The Problem with Password Masking
I agree with this:
It's time to show most passwords in clear text as users type them. Providing feedback and visualizing the system's status have always been among the most basic usability principles. Showing undifferentiated bullets while users enter complex codes definitely fails to comply.
Most websites (and many other applications) mask passwords as users type them, and thereby theoretically prevent miscreants from looking over users' shoulders. Of course, a truly skilled criminal can simply look at the keyboard and note which keys are being pressed. So, password masking doesn't even protect fully against snoopers.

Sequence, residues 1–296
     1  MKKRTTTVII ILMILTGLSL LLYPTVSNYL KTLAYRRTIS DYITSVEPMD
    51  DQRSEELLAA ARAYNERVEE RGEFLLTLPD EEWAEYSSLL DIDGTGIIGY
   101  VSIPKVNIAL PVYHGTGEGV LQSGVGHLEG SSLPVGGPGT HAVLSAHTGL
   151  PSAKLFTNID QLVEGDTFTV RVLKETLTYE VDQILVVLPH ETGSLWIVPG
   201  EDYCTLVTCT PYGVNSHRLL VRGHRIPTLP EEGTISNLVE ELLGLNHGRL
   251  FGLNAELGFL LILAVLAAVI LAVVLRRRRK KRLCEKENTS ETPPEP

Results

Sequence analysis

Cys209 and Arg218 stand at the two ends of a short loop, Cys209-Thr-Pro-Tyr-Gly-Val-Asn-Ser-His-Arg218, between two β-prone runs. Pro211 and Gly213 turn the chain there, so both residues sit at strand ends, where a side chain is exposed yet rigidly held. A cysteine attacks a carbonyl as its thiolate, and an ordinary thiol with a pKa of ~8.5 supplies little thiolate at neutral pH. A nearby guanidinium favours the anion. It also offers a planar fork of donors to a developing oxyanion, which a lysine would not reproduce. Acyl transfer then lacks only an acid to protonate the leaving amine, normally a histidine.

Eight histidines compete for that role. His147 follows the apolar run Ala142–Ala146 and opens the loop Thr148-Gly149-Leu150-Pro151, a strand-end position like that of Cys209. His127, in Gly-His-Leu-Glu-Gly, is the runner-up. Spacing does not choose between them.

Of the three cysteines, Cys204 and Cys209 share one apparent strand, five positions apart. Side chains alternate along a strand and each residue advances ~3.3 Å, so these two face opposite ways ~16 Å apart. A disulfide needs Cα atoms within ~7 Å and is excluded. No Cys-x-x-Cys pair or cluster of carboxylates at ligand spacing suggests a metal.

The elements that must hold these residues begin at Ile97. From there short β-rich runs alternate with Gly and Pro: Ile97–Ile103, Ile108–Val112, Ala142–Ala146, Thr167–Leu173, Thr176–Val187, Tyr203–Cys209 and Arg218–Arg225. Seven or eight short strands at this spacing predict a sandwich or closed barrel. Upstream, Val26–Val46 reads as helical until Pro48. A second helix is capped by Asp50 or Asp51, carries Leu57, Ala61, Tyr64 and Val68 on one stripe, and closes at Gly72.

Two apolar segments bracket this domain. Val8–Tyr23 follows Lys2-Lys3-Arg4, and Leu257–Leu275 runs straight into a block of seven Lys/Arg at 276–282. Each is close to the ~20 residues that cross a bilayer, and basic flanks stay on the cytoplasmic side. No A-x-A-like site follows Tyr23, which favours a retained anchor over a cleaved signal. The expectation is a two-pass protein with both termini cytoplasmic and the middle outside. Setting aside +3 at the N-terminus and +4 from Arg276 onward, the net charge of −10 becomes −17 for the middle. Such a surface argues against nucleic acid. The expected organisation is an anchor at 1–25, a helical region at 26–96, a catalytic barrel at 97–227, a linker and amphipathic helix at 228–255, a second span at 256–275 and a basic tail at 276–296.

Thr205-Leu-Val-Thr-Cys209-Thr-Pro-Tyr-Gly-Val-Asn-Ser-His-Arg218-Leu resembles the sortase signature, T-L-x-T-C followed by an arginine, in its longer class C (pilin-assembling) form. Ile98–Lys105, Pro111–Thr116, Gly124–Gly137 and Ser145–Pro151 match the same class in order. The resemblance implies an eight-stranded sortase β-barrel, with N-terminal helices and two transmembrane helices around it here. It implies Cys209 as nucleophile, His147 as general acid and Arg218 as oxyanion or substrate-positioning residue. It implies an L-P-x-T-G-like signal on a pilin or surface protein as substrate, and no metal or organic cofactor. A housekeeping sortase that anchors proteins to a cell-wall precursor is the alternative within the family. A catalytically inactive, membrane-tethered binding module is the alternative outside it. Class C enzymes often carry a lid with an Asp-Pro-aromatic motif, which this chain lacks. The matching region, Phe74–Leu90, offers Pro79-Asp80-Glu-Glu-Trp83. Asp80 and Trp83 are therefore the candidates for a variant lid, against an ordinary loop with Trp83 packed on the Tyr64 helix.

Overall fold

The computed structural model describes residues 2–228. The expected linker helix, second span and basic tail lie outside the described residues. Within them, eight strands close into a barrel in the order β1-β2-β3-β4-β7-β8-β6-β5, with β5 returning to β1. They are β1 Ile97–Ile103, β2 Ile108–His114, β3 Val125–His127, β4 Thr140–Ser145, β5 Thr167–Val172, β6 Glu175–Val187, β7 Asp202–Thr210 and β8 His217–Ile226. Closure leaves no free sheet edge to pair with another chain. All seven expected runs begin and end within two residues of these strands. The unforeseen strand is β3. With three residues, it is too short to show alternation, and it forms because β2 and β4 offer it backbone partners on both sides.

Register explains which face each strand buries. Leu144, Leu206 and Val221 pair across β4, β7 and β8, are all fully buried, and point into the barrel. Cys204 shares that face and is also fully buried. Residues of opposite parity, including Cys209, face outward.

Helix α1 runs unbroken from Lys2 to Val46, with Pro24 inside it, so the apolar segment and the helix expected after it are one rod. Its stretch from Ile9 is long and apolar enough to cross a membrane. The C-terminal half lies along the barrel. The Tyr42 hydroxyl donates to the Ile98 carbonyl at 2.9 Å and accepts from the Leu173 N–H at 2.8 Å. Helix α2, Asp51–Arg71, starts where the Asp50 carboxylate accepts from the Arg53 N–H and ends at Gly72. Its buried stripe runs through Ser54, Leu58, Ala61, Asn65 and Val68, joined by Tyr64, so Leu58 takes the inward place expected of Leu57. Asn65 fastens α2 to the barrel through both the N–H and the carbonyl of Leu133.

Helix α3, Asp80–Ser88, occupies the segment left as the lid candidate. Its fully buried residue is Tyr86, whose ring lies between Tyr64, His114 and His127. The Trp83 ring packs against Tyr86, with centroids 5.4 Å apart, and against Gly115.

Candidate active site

More importantly, there's usually nobody looking over your shoulder when you log in to a website. It's just you, sitting all alone in your office, suffering reduced usability to protect against a non-issue.
Shoulder surfing isn't very common, and cleartext passwords greatly reduces errors. It has long annoyed me when I can't see what I type: in Windows logins, in PGP, and so on.
EDITED TO ADD (6/26): To be clear, I'm not talking about PIN masking on public terminals like ATMs. I'm talking about password masking on personal computers.
Posted on June 26, 2009 at 6:17 AM • 181 Comments